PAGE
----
More on Wikileaks, from Slate. Here’s a quotation:
The cables “reveal,” among other things, that the United States is (surprise!) lobbying others to organize sanctions against Iran, that South Korean diplomats have discussed what would happen if North Korea collapses, that U.S. diplomats have been bribing other countries to accept ex-prisoners from Guantanamo Bay. (I suppose it is “news” that the United States spies on the United Nations, but forgive me if I am not as horrified as I should be.) Germany’s Der Spiegel concludes, furiously, that the United States “seeks to safeguard its influence around the world.” I’d be a lot more worried if the opposite were true.
She asks us to forgive her that she is not horrified that the US orders its diplomats to spy on the UN. My reply: no, you are not forgiven for your apologetics.
This afternoon I found Julian Assange’s old blog via Reddit. It’s a very interesting read; in no time at all I stumbled on this old, unfinished document. In it he describes modeling a conspiracy as a connected graph, where nodes represent individuals in the conspiracy. Edges are weighted according to the value of the information communicated between the two nodes. Assange calls the total weight of the graph the total conspiratorial power of the conspiracy. One can fight a conspiracy by disconnected highly weighted nodes. Traditionally this has been achieved by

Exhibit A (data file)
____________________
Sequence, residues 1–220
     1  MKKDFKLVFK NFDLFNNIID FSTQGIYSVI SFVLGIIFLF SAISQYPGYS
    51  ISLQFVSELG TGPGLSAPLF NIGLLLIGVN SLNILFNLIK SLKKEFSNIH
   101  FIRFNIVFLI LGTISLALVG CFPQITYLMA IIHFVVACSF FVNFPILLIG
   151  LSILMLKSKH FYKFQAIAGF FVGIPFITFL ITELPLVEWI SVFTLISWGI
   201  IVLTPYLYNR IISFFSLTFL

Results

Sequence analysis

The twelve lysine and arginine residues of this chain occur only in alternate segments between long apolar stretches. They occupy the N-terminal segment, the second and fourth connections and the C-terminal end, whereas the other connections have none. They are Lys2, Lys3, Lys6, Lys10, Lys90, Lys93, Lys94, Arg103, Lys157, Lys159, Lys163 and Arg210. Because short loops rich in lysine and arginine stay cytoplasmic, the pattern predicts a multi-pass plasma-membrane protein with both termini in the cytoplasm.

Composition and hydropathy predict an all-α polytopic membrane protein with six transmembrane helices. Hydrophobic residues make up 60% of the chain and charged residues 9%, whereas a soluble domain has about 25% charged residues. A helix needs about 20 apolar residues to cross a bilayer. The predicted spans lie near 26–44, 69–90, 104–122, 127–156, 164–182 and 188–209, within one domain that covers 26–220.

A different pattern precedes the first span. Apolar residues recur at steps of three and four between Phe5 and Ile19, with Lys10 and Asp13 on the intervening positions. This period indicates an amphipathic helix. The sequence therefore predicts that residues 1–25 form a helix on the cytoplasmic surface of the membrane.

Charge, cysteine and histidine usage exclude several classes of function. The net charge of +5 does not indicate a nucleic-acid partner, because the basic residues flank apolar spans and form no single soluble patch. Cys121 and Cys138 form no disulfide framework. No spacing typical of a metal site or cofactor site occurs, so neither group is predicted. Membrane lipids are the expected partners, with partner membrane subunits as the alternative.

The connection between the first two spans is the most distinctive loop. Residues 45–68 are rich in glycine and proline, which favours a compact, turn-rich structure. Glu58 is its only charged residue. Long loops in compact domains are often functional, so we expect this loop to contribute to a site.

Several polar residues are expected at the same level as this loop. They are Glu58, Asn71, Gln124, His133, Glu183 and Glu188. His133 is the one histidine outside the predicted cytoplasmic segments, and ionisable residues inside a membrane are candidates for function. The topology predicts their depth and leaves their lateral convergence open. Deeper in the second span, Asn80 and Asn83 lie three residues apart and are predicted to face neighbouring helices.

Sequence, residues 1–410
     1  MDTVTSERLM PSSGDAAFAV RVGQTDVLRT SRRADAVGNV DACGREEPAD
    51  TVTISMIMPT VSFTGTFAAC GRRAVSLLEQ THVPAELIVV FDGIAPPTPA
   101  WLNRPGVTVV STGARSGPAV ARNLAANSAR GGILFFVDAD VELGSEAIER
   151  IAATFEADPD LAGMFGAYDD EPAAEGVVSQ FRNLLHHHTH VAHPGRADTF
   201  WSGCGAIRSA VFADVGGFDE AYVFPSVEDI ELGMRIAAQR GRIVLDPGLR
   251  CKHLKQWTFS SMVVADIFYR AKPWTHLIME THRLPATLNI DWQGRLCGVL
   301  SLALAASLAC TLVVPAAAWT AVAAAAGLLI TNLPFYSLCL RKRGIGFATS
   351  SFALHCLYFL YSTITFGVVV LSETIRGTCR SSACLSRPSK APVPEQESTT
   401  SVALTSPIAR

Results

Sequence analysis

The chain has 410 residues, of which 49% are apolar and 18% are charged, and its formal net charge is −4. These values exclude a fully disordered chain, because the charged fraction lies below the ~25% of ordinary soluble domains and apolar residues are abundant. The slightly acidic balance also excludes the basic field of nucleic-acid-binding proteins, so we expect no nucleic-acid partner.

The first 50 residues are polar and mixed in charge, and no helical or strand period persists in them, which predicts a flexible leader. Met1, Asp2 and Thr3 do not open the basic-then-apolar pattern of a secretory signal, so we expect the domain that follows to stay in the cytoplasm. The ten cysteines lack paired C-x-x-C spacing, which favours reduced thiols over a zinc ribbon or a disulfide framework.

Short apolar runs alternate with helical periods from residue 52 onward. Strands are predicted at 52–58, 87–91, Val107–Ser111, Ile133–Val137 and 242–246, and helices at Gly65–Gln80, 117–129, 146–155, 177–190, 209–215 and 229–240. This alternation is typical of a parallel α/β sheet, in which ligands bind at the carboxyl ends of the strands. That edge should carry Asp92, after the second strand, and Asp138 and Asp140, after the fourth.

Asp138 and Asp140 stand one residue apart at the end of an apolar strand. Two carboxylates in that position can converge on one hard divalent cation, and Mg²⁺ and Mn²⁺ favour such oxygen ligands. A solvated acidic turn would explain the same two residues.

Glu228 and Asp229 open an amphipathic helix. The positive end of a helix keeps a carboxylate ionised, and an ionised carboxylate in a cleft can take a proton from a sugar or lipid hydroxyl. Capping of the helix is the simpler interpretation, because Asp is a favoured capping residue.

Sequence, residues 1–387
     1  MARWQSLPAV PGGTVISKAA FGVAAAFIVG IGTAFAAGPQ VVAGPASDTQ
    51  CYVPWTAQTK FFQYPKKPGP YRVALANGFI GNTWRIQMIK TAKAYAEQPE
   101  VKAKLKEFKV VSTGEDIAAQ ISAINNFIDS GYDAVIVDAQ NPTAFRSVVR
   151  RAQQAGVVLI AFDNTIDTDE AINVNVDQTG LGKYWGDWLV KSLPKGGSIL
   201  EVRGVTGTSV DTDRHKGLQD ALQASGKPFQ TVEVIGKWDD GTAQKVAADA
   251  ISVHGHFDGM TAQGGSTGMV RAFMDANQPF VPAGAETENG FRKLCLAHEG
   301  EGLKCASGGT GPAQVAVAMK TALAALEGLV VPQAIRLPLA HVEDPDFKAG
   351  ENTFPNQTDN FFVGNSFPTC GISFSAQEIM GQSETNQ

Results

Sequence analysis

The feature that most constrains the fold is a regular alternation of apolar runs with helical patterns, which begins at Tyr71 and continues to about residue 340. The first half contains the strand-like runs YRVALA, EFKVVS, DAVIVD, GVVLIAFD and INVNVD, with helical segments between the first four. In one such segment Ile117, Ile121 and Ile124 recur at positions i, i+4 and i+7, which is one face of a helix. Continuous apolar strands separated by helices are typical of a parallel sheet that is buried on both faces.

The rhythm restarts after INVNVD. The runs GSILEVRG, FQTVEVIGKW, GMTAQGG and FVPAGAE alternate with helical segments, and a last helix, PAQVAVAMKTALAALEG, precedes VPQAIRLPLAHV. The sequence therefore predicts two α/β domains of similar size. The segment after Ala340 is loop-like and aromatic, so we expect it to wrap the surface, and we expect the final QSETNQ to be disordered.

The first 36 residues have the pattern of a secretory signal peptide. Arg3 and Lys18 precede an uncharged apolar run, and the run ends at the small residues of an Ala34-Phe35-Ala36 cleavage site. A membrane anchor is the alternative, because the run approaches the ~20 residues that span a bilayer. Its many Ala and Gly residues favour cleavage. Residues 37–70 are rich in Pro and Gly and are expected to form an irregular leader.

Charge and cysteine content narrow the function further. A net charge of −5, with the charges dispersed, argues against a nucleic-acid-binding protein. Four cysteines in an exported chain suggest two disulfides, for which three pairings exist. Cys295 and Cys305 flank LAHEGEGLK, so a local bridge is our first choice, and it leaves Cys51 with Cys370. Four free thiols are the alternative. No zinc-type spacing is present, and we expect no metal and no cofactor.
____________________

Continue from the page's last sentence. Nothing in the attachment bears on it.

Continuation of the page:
killing, kidnapping, blackmailing or otherwise marginalizing or isolating some of the conspirators.
I find this document interesting not because it says anything deep, but because (1) its mathematical bent appeals to me and reveals Assange as an analytical thinker, (2) it was written before Assange began to take on the US political and military conspiracies, and shows that he had been thinking about how one would go about such a fight long before he began Wikileaks, and (3) the fact that it is unfinished leaves one (well, me namely) with the perhaps mythical impression that Assange is too heroically busy to finish setting his thoughts in type. Or, the impression that he is too wise to expose his most closely guarded thoughts to his enemies.